Budget Wish List
By Shivaji Sarkar
Yet another year of uncertainty begins with difficult finances, not so certain growth and perhaps some experimentation by the Union Finance Minister Nirmala Sitharaman. All in the backdrop of people having major expectations.
Two years ago, on September 20, 2019, less than 40 hours before Prime Minister Narendra Modi’s Houston event, the government announced a massive corporate tax rate cut, lowering the base rate to 22 per cent from 30 per cent, and to 15 per cent from 25 per cent for new manufacturing companies. Till such time individual and tax rates were in sync.
Now people want that synchronisation to be re-established. The individual income tax rates remain very high at 42 per cent and 30 plus 3 per cent. It robs an income tax payee of almost 73 to 83 per cent of his income. The aspiration is that it be lowered to 20 to 22 per cent, possibly ideally as per Chanakya principles to around 17 per cent to help generate demand. The aspiration is because of the difficult three years of Covid-19 uncertainty, job losses, income contraction and severe inflation at 14.6 per cent. One wishes that the Finance Minister listens to them.
She has her problems of constricted finances, not the desired growth or rather uneven growth instead of a high trajectory that could have generated jobs, increased demand, boosted production and paved the way for demand. Though she should do that, it’s possible she would like to avoid the call. And people should be thankful that she does not introduce her own thought of expenditure tax, earlier rejected by many finance ministers.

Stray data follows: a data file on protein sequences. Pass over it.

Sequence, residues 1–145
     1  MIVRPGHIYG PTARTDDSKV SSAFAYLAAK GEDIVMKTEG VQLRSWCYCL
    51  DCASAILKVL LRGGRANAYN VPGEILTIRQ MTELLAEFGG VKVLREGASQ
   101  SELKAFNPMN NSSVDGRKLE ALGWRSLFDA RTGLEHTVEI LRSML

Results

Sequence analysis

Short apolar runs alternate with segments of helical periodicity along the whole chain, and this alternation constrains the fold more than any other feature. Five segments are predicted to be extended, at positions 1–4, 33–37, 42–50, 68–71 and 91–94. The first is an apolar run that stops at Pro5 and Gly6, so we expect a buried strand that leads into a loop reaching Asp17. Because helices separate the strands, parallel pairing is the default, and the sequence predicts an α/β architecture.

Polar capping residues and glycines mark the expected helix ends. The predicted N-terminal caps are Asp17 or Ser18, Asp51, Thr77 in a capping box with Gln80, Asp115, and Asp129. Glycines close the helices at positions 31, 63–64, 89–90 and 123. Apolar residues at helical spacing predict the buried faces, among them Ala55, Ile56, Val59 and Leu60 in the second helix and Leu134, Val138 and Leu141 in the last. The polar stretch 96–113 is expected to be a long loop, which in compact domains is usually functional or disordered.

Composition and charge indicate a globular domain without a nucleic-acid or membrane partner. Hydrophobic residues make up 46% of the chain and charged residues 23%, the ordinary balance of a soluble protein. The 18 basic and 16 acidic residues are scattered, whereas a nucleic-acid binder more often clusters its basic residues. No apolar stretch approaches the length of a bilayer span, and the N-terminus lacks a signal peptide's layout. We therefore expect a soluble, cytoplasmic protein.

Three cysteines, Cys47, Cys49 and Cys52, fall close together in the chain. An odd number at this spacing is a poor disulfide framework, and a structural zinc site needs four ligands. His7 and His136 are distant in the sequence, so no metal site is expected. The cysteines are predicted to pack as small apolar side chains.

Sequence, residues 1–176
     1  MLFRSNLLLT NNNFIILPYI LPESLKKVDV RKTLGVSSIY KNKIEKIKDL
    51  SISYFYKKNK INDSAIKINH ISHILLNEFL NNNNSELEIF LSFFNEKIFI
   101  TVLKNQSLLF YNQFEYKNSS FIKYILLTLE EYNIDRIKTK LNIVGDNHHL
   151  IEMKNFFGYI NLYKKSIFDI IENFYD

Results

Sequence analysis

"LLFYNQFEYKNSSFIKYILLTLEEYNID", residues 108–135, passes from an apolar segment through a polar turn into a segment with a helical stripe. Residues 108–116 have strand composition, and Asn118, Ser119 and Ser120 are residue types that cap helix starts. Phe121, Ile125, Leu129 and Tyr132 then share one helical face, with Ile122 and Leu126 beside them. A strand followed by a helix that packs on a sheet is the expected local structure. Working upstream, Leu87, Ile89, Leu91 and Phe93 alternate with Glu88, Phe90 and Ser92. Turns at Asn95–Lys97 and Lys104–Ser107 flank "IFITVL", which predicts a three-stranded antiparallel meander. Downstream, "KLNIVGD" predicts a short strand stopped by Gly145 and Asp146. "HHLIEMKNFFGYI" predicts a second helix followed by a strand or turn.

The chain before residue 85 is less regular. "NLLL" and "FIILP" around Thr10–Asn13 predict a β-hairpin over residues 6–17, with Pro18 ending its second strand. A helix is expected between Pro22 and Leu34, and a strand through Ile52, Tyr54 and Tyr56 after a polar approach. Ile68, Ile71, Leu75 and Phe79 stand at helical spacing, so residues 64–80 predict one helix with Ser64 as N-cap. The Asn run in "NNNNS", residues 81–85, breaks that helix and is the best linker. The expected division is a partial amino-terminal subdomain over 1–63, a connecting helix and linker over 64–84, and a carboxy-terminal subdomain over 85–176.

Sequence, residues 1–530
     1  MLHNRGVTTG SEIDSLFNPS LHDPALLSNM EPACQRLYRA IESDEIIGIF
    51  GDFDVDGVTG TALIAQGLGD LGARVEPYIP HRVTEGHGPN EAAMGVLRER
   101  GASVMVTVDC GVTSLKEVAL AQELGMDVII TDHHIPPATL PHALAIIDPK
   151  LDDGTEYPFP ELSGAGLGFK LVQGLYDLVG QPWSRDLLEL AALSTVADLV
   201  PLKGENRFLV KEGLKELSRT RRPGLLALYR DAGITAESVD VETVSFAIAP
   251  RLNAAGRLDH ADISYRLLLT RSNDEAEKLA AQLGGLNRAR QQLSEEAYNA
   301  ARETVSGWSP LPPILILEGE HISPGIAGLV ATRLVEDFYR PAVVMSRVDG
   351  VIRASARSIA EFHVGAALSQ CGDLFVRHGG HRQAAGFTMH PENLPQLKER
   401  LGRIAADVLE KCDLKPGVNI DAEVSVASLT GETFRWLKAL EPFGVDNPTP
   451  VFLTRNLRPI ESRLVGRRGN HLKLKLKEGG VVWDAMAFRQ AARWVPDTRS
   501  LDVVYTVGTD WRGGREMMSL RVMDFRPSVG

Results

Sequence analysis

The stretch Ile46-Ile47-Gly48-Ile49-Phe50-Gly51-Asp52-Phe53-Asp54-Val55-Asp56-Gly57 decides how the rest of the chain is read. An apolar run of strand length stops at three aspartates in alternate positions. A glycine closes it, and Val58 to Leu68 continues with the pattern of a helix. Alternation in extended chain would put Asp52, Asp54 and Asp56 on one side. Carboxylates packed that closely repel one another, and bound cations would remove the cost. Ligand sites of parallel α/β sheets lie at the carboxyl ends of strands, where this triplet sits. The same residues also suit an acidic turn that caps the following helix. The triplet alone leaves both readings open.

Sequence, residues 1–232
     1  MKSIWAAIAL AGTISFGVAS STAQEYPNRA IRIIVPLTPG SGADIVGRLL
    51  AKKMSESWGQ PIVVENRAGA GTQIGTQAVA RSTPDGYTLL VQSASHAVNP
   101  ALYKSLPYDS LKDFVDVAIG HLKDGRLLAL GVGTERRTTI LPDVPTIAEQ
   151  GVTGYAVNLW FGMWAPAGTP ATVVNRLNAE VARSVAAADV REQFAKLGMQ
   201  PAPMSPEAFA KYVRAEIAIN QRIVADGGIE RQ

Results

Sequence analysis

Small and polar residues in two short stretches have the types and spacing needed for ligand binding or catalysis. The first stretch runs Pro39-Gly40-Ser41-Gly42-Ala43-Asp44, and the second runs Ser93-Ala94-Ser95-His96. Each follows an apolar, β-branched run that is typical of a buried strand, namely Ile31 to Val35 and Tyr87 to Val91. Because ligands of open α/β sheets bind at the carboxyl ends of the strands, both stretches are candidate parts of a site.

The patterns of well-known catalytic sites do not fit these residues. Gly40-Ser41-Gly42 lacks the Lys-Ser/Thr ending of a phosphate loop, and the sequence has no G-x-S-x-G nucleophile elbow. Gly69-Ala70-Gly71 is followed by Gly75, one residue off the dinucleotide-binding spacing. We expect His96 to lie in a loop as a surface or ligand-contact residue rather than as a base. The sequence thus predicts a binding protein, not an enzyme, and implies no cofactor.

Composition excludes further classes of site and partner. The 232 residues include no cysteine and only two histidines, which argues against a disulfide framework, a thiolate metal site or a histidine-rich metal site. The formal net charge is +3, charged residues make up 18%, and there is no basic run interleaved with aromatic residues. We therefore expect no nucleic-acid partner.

The idea evolved by socialists finally was rejected by them. Contraction of spending is not a good idea. Let people spend and those who can, save in classical Indian style. The FM should rethink of incentivising savings by asking Reserve Bank of India to raise interest rates. If she does, it would bring back the sustained growth pattern and strengthen Indian families come out of the crisis.
The FM needs to do it. If she had done this before, the government would possibly not have to resort to free food, edible oil and other doles to 80 crore or 61.54 per cent of the population. It is a benevolent approach of the government but could have been avoided if the families had the strength. Modi told people of Gujarat on August 3, 2021 that Covid-19 has caused a body blow to the poor and government spent Rs 2 lakh crore to provide free ration till last November. Now it is extended to March 31, naturally incurring more expenses.
The FM should now, through various policy formulations, try to empower the families. It may help the country reduce these expenses in the next four to five years and aid the country to invest in many projects and create demand.
The budget would invest in many metro, infra projects, healthcare, railways and ports. It also may take up the issue of regulating crypto currencies. Last year, the new National Bank for Financing Infrastructure and Development (NaBFID), with a capital base of ¹ 20,000 crore and a lending target of ¹ 5 lakh crore over a three-year horizon was set up. In five years, it targets Rs 111 lakh crore investment.